Re-Drafting the 2006 NBA Draft—One of the Worst Classes Ever

Use your ← → (arrows) to browse

Oct. 12, 2012; Phoenix, AZ, USA; Portland Trail Blazers forward Adam Morrison (6) reacts on the court during the game against the Phoenix Suns at US Airways Center. The Suns defeated the Trail Blazers 104-93. Mandatory Credit: Jennifer Stewart-USA TODAY Sports

Sometimes NBA GMs miss the mark on talent assessment, and the 2006 NBA draft class was the most unbalanced blend of guys who could have been good, guys who were almost good, and guys who just shouldn’t have even been drafted. Mixed with the obscure guy we can’t remember or never knew.

It was one of the worst draft classes in NBA history with a few memorable nuggets mixed in amongst all the fools gold.

The first overall pick is about to be traded as a bad contract, the third overall isn’t in the league and never played a meaningful NBA minute; and it doesn’t get much better.

That said, I believe this is how the top-10 would go if it were done today, but I have to point out some guys who went high and wouldn’t even be drafted—like Adam Morrison, yep, it was him, No. 3 overall out of Gonzaga to the Bobcats. And we wonder why they are still awful.

1) Rajon Rondo (21st overall) – Boston

Jan 25, 2013; Atlanta, GA, USA; Boston Celtics point guard Rajon Rondo (9) reacts to a call in overtime against the Atlanta Hawks at Philips Arena. The Hawks won 123-111. Mandatory Credit: Daniel Shirey-USA TODAY Sports


Rajon Rondo has been the best distributor in the league the last two seasons, but he just tore his ACL. Rajon Rondo is shooting the mid-range jumper much more effectively, gambling less defensively and playing smarter basketball. If any player in this draft class has Hall of Fame potential it is the Kentucky product.

2) LaMarcus Aldridge (2nd overall) – Chicago Bulls

LaMarcus Aldridge is a solid second overall pick. The only problem is that the team who drafted him (Chicago), didn’t keep its player. They dealt him (and a 2007 2nd-round pick) to the Portland Trail Blazers for No. 4 overall pick Tyrus Thomas of LSU and Victor Khryapa.   Thomas went on to be a bust while Aldridge was an All-Star in 2012 and 2013. Well done, Portland.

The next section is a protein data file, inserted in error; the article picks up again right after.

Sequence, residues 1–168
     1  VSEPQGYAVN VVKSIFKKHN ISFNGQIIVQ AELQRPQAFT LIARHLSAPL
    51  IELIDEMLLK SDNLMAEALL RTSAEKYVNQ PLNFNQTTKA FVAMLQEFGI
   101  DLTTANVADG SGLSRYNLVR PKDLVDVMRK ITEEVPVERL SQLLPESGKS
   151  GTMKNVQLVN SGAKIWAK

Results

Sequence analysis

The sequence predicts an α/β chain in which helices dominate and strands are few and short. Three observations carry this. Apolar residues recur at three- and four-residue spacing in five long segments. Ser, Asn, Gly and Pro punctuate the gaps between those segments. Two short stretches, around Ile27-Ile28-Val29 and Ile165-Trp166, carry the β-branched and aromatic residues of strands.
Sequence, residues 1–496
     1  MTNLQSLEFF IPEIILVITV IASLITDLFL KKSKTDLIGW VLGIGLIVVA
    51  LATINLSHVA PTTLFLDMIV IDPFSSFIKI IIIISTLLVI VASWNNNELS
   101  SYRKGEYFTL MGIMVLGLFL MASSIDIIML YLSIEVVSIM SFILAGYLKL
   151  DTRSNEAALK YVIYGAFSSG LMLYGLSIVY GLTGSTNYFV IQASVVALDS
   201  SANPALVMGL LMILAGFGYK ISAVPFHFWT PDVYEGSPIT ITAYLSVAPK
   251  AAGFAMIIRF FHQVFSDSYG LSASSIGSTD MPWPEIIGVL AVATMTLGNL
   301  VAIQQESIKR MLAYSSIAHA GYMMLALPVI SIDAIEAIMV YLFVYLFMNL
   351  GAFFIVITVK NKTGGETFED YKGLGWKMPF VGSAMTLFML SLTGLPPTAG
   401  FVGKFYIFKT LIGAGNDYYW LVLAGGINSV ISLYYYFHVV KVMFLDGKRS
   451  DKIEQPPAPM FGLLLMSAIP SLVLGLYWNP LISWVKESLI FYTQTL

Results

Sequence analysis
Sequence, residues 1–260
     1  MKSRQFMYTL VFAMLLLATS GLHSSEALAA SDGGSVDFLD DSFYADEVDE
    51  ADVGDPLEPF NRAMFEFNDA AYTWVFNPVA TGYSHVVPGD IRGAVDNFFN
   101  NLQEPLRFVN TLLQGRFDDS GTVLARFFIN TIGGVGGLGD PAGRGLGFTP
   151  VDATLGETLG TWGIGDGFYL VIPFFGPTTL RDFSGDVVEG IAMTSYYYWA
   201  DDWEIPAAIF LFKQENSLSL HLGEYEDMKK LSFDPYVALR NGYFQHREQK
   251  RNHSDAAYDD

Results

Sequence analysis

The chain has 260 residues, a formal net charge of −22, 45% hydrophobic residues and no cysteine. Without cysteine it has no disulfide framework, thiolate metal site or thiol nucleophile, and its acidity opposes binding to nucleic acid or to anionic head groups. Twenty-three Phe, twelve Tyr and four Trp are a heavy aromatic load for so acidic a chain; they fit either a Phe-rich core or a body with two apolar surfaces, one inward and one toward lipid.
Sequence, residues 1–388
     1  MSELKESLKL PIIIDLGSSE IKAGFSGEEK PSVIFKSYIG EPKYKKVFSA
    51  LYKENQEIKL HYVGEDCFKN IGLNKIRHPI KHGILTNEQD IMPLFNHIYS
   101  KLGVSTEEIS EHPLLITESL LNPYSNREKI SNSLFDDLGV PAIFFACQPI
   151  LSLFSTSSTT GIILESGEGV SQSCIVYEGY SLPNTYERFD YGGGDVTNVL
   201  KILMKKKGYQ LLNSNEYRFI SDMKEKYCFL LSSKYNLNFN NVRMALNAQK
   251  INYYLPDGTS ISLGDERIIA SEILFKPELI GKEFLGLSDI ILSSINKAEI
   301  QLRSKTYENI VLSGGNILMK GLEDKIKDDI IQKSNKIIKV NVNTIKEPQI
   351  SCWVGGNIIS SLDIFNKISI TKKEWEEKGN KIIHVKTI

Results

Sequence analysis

3) Rudy Gay (6th overall) -Houston Rockets

The Rockets traded Rudy Gay and Stromile Swift for Shane Battier on draft night. That move didn’t make sense then, and it doesn’t make sense now. Battier is a very good defender, to be sure, but Gay is a solid defender and a premier scorer.

Gay can play both ends of the floor; Battier can only play on one. I’d say the Rockets regret dealing both Stromile

Feb 13, 2013; New York, NY, USA; New York Knicks small forward Carmelo Anthony (7) and Toronto Raptors small forward Rudy Gay (22) box out during the second half at Madison Square Garden. The Raptors won the game 92-88. Mandatory Credit: Joe Camporeale-USA TODAY Sports

Swift (who reasonably still had some potential, though he was a bust—the guy could score a little) and Gay for Battier, notwithstanding the vital role Battier has performed for the reigning NBA champions.

Rudy Gay is now in Toronto, and the situation seems to be very favorable. In his first five games with the Raptors, he averaged 22 points per game and they went 4-1. Things are looking up in Toronto and Rudy Gay is a legitimate potential All-Star. By that, I mean he may make an appearance or two, though at this point he’ll have already spent half his NBA career as just a very good scorer.

4) Paul Millsap (47th overall)- Utah

Paul Millsap is a great undersized power forward who has been mentioned in a lot NBA trade rumors. He’s a great defender with quick hands and together with Al Jefferson has helped the Jazz stay relevant with a very lackluster and below average roster.

When Utah fans are excited about Gordon Hayward, you know Millsap and Jefferson are earning their weight in salt. The real mystery is how the fourth best player in the draft class fell to the bottom half of the second round. The Jazz hit a home run with this second round pick and they’ve known it his whole career. Why would they trade him now?

Feb 13, 2013; New York, NY, USA; Toronto Raptors point guard Kyle Lowry (3) argues a call against the New York Knicks during the second half at Madison Square Garden. The Raptors won the game 92-88. Mandatory Credit: Joe Camporeale-USA TODAY Sports

5) Kyle Lowry (24th overall)- Memphis Grizzlies

Kyle Lowry is the second best point guard in this draft class, and a top-10 NBA point guard today (at least he was in 2011-12), and he went No. 24 overall. Lowry is a great rebounder, great passer, and the Grizzlies definitely regret having given up on him.

They dealt him after two and a half seasons for Adonal Foyle, Mike Wilks, and a 2009 NBA Draft pick that turned into DeMarre Carroll. I’m pretty sure the Rockets regret given up on Lowry, too. Though Lowry’s stats have declined, his per-36 numbers remain roughly the same. He’s still playing good basketball, and Jose Calderon is out of the way now.

He’s a legit top-5 talent for a draft class, and all five of these guys are. It just gets a lot worse. The Grizzlies basically got DeMarre Carroll for their No. 24 overall pick, three seasons later in 2009.

Use your ← → (arrows) to browse

comments powered by Disqus